Colleges send out admissions letters

More than 13,000 students offered places in federal universities, a record number, with women still dominating the classrooms.

ABU DHABI // A record number of students were offered places at the country's three federal universities yesterday - and women still dominate the classrooms. Some 13,775 students received text messages confirming their places for the forthcoming academic year at the Higher Colleges of Technology (HCT), UAE University (UAEU) and Zayed University.

Zayed University's campus in Dubai, previously an all-female campus, announced its first intake of 171 male students. Another 229 men were offered places at the Abu Dhabi campus. "This increase is good news," said Dr Sulaiman al Jassim, the vice president of Zayed University. "We have extra capacity in the campus in Dubai. Hopefully when the new Abu Dhabi campus opens next year, we'll be taking in a lot more students, too. The campus there is very limited at the moment."

Zayed's total number of admissions increased from 1,896 to 1,977 this year following the Common Educational Proficiency Assessment admissions examinations, although it is yet to be determined how many of these students will in fact enrol. "The growth shows the increasing specialisation of subjects at the federal universities," said Dr al Jassim. Mary Corrado, the UAE director of Amideast, a non-profit educational organisation facilitating study programmes such as the US State Department-funded Fulbright fellowships, which now sends students from the UAE to the US, said: "This is part of the current natural growth in the population.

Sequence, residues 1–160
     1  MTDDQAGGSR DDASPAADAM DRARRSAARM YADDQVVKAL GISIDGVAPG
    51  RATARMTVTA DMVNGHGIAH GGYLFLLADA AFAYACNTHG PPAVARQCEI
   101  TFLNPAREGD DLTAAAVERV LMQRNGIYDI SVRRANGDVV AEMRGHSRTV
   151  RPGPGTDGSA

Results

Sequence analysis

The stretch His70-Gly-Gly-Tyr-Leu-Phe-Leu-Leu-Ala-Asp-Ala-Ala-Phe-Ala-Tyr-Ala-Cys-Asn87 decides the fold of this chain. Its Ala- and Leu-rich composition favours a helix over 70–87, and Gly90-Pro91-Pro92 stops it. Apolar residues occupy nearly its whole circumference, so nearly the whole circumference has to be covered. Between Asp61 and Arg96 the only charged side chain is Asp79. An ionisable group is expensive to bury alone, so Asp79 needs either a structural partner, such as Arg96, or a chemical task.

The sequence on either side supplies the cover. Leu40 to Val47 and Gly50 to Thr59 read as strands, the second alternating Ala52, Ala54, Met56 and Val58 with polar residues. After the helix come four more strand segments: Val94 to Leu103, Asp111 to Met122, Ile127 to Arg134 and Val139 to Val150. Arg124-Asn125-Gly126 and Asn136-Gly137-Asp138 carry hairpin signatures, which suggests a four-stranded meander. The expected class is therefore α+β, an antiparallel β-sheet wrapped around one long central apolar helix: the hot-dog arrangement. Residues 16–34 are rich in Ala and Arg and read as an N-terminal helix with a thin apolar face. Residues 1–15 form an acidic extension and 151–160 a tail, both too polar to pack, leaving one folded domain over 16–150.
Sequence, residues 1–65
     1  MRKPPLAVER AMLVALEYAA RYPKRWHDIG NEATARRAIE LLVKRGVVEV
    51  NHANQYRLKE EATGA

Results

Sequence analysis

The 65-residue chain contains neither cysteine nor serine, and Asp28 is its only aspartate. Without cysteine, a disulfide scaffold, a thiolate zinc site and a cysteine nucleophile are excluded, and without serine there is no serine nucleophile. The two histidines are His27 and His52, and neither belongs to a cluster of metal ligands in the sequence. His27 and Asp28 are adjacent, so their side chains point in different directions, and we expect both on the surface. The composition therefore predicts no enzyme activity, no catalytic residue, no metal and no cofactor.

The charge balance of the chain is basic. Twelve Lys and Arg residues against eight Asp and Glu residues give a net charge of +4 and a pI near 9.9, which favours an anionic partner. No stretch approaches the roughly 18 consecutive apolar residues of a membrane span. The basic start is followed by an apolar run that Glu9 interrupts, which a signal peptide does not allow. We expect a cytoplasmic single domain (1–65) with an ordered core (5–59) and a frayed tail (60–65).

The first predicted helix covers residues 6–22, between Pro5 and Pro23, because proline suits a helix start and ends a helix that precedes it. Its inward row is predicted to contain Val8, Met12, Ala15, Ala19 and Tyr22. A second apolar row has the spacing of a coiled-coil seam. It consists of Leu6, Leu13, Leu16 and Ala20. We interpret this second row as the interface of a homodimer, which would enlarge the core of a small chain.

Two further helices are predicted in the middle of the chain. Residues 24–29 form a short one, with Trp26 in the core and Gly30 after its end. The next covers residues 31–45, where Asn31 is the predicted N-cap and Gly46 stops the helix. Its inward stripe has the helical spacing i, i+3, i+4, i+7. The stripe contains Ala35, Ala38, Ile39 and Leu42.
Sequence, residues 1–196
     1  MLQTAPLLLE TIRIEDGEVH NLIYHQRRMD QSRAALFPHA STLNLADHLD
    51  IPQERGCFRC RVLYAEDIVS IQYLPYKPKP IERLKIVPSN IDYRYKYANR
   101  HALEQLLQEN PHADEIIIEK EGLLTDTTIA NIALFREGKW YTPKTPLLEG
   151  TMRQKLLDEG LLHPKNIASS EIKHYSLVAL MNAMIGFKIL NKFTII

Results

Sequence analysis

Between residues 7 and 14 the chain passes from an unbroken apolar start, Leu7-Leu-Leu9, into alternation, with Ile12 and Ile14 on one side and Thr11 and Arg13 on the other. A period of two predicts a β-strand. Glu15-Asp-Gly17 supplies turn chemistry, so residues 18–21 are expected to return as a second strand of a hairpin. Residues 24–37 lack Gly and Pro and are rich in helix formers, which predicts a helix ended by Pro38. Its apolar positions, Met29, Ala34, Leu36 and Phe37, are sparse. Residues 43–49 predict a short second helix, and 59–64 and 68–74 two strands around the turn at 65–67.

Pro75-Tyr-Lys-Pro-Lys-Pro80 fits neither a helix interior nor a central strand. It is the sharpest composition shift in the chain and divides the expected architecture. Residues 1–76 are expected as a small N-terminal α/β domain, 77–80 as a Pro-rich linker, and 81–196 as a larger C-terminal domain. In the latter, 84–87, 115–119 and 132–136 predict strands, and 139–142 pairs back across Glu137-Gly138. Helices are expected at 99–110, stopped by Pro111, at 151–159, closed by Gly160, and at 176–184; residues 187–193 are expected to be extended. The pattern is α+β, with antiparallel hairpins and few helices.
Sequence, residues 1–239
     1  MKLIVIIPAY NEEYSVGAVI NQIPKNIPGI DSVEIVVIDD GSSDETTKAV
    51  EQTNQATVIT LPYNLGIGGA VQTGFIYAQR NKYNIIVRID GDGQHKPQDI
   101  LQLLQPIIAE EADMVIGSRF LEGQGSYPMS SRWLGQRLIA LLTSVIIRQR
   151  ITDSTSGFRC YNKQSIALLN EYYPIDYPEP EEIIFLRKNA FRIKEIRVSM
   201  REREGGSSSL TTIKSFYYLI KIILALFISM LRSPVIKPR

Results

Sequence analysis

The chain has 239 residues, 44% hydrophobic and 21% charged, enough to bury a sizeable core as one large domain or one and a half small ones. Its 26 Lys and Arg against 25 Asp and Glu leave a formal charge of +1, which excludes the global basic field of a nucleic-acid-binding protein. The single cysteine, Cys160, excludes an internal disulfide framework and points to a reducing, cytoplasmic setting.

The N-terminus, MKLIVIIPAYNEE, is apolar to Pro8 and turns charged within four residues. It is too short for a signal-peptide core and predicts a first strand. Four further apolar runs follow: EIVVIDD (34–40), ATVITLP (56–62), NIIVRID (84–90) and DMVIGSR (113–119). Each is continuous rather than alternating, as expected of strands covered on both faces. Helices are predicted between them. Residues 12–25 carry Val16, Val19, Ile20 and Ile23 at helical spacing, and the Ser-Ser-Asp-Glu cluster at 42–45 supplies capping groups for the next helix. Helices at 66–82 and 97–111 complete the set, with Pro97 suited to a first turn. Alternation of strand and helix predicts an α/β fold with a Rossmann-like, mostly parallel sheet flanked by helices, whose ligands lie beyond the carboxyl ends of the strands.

"The confidence in the federal universities continues to grow, and they become accredited not only by the Ministry of Higher Education, but also by external accrediting bodies. Zayed University now has Middle States accreditation [from the US] and various programmes at UAEU have some US accreditation." Ms Corrado said the high employment record of HCT graduates, now at 98 pwer cent, continued to make it an attractive choice.

In this round of admissions, women were offered 2,256 places at UAEU university, compared to 1,108 men. HCT sent letters to 3,719 men and 4,305 women, and Zayed University sent notices to 400 males and 1,577 females. Women like to stay in the UAE and go to the local universities, while men can more easily study abroad or work for the police or the army, said Dr al Jassim. "The men have more opportunities."

UAE University offered places to 3,364 students, and HCT, which has colleges across the emirates, offered places to 8,024. Scholarships were granted to 400 students in both undergraduate and post-graduate study, and another 10 special-needs students were awarded scholarships to study abroad. Emiratis pay no tuition at federal universities. At a ceremony yesterday to offically recognise the admission offers, Sheikh Nahyan bin Mubarak, the Minister of Higher Education and Scientific Research, said education was a major force in sustaining the country's growth.